“We’re going to give him a bit of a break and we’re probably going to geld him. We know he handles soft ground, so we’ll give him a few weeks off and then bring him back in the autumn. The King George is definitely out.

“He’s got plenty of talent, he’s just a bit of a thug. Going out on the track, he makes it difficult for whoever is on board.”

Once Al Aasy has been gelded and enjoyed a mid-season break, he could be prepared for international targets.

Al Aasy (left) and Pyledriver fight out the finish to the Coronation Cup
Al Aasy (left) and Pyledriver fight out the finish to the Coronation Cup (Alan Crowhurst/PA)

“Of course we could keep him entire and hope that he’s going to make a stallion somewhere in due course, but it’s more important for Sheikha Hissa and her family to have these horses to race now,” Gold added.

“This horse could win a lot of money in Dubai or Australia or wherever. We’ve had discussions about it and it’s more his attitude and general demeanour before a race (that is a problem).

“I wasn’t there last week, but William said he got pretty colty beforehand again, so let’s just take the guessing out of the equation.

“We’re going to send him out to the stud for three weeks to freshen him up, so I think it will be September before he runs again.”

Sir Ron Priestley battles hard to repel Al Aasy

Sir Ron Priestley returned to winning ways when seeing off the persistent challenge of Al Aasy in the Princess of Wales’s Tattersalls Stakes at Newmarket.

Franny Norton set out to make all on Mark Johnston’s five-year-old, who is a half-brother to Gold Cup-winning stablemate Subjectivist.

With two furlongs to run, Sir Ron Priestley was being ridden – but not as vigorously as Highest Ground, who dropped away.

The odds-on favourite Al Aasy, normally a very smooth traveller, came off the bridle earlier than normal but still moved up to challenge as they met the rising ground.

In typical Johnston style, Sir Ron Priestley kept on battling against the rail – but Jim Crowley had still to ask for everything on Al Aasy.

However, as the line neared it, became obvious Al Aasy was up against a very determined opponent and would have to settle for second again – just as he did in last month’s Coronation Cup at Epsom.

Sir Ron Priestley (100-30) prevailed by a neck.

Johnston was relieved to see his 2019 St Leger runner-up return to his best after two lacklustre efforts of late, at this same Group Two level, since his victory in Newmarket’s Jockey Club Stakes.

“You couldn’t have any expectations, because he has had two disappointing runs – there’s no getting away from it,” said the Middleham trainer.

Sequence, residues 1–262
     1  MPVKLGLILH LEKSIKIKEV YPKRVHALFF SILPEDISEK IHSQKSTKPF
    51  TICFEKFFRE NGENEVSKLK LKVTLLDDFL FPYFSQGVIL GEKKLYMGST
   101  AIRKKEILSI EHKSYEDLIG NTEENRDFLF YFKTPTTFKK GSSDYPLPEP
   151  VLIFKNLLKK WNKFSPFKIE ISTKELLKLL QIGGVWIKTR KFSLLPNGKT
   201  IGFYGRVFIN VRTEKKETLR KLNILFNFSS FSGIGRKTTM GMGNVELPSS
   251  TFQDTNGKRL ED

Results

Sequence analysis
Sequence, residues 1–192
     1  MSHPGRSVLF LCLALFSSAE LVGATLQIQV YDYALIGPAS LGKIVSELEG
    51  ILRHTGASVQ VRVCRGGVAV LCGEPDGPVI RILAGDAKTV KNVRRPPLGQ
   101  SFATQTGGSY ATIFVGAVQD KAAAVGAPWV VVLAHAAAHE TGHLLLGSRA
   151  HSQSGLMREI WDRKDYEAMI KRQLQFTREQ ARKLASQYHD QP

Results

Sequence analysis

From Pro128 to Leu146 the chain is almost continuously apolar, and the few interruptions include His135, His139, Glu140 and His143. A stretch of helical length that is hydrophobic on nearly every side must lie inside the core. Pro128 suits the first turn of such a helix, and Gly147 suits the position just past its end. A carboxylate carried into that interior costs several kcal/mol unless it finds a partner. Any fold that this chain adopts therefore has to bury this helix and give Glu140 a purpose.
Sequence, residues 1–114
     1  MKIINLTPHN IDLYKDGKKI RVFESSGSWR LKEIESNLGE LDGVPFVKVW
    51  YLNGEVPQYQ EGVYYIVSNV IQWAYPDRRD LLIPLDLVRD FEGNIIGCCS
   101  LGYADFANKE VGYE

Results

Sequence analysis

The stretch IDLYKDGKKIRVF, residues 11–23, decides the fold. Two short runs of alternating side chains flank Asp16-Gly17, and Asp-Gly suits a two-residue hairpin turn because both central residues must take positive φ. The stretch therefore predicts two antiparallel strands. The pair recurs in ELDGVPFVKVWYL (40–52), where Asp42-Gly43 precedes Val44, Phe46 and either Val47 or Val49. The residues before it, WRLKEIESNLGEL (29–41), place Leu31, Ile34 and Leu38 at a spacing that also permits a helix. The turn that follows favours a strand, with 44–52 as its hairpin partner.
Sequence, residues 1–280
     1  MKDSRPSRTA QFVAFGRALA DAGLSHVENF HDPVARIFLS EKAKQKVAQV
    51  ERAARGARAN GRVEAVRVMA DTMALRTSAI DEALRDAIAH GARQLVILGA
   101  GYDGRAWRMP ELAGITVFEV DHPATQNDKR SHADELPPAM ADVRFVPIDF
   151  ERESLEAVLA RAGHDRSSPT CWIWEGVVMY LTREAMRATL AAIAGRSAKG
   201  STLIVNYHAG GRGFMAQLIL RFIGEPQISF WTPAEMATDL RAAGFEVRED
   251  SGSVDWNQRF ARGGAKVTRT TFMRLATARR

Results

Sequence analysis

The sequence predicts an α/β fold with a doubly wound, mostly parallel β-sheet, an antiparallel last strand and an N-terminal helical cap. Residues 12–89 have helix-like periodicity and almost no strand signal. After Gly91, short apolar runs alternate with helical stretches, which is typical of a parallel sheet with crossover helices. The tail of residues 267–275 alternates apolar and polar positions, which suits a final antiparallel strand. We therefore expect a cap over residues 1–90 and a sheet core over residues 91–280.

“After he won on the Rowley Mile course earlier in the year, we thought he’d be going a mile and six plus – so I didn’t really expect him to be here today.

“But those two runs left us scratching our heads – we’re still scratching our heads.”

The most likely explanation remains elusive for Johnston.

He said: “The easy answer is to say it’s the ground, and he needs a fast surface, but if you don’t like the ground you don’t like it throughout the race – not just in the last furlong or two – and at York this horse travelled to the front two out like he was going to walk all over them, and he didn’t get home.

“He was second in the St Leger and had a year off, and we were dreaming of Cup races. Now, we just don’t know (trip-wise) – we’ve got a very open mind.”

Johnston, whose brilliant Royal Ascot hero Subjectivist has been ruled out for the remainder of the season with an injured right foreleg, will consider further big-race targets over a variety of distances for Sir Ron Priestley.

“We said at the start of the year the Irish St Leger would be the principal target for him,” he added.

“But he’s in the King George – and if that was to go like the Eclipse, with a small field, we wouldn’t rule it out.

“We haven’t had a chance to speak to Paul Dean (owner) yet, but there is a vague possibility of supplementing for the Goodwood Cup.”

Al Aasy seeks starring role at Newmarket

Al Aasy is the star attraction in the Princess of Wales’s Tattersalls Stakes at Newmarket.

The Sea The Stars colt was hugely impressive in winning his first two starts of the season at Newbury – and was a hot favourite to successfully graduate to Group One level in last month’s Coronation Cup at Epsom.

But having looked sure to prevail after coming from the rear of the field to lead inside the final furlong, the four-year-old was pegged back by the admirable Pyledriver and had to make do with minor honours.

Trainer William Haggas last week suggested he was in favour of waiting for the King George VI And Queen Elizabeth Stakes on July 24 with Al Aasy, but the prospect of suitable ground conditions on Thursday and his colt’s well-being has prompted a change of heart.

He said: “I’m happy to run him. I was thinking of waiting for Ascot, but I’ve changed my mind.

“He’s in good form, and I think ground should be fine. We’ve had some decent showers, and everybody has been saying we need the rain, so I should think it will be lovely ground.

“It’s not going to be firm and it’s not going to be soft – it’ll be fine.”

Al Aasy’s biggest threat on ratings is Mark Johnston’s Sir Ron Priestley.

Sir Ron Priestley needs to bounce back to form
Sir Ron Priestley needs to bounce back to form (Tim Goode/PA)

The five-year-old beat the aforementioned Pyledriver in the Jockey Club Stakes on the Rowley Mile in May, since when he has finished third in the Yorkshire Cup and seventh in the Hardwicke Stakes.